Sunday, 25 June 2017

Marching Toward a Failing Society

On my mother's bookshelf is a series of books entitled "The Great Ideas Program" by Mortimer Adler and Peter Wolff (pub. Encyclopedia Brittanica, 1959).  Part of the preface reads as follows:

" high school we are told that we must begin to think how we are going to earn a living, and the prerequisites that are supposed to prepare us for that activity become more and more the ingredients of our educational diet. ... What is missing is education to be human beings, education to make the most of our human powers, education for our responsibilities as members of a democratic society..."

One of the books that I studied in university was The Closing of the American Mind by Allan Bloom (pub. Simon & Schuster, 1987).  In a chapter about books, Bloom writes: "...whatever the cause, our students have lost the practise of and the taste for reading. ... I began asking my large introductory classes ... what books really count for them. Most are silent, puzzled by the question."

For over 50 years the educational system has been gradually failing.  Both my parents were high school teachers for 35 years and were witnesses to this failing first hand, as in their later years they had students who could not spell or do math adequately.  Other colleagues of theirs were reduced to having students draw pictures instead of writing essays. In high school.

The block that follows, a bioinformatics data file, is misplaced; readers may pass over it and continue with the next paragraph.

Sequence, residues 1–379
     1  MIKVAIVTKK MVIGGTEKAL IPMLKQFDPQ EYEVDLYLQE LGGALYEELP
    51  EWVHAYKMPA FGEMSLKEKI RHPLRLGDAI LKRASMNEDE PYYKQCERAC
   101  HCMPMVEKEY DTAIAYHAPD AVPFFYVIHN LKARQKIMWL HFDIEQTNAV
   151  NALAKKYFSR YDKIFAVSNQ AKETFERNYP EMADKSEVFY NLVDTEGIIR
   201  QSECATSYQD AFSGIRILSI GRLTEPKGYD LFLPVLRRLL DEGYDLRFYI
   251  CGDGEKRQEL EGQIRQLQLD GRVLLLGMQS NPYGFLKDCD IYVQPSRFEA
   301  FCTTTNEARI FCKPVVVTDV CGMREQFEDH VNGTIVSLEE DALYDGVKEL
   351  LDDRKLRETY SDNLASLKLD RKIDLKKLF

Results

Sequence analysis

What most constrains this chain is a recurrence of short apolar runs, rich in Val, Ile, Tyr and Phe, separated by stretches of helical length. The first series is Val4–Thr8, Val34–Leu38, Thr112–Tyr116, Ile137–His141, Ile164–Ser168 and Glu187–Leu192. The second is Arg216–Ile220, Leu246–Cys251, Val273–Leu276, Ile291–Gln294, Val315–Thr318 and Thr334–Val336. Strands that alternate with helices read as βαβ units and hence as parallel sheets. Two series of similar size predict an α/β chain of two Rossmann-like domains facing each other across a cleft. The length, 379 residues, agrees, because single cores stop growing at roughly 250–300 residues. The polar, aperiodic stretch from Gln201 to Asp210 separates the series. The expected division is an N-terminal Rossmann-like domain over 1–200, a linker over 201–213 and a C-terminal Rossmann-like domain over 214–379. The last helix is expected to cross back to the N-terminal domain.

The result of this educational failing is a population that does not understand the world around them, who are unaccepting of new ideas, and who think in terms of self instead of community.

One need go no farther than certain places in the United States, where there are people who believe that a woman can stop her period by gluing her labia shut, who claim that earthquakes happen when people swear a pact to the Devil, or who call on others to promote anarchy.

In a 2006 episode of the sci-fi show Doctor Who, there is this wonderful line: "You want weapons?  We're in a library!  Books!  The best weapons in the world!  This room's the greatest arsenal we could have - arm yourselves!"

Books such as the aforementioned Great Ideas Program, or "An Incomplete Education" by Judy Jones and William Wilson (pub. Ballantine Books, 1987, 1995, 2006) attempt to redress the educational gaps by offering reading lists, citing historical examples, and inviting discourse.  They should be a must on anyone's shelf.  If more people were willing to educate themselves, we would have a better society.

The philosopher and scientist Aristotle wrote: "If there is some end of the things we do... will not knowledge of it, have a great influence on life?  Shall we not, like archers who have a mark to aim at, be more likely to hit upon what we should?  If so, we must try, in outline at least, to determine what it is."

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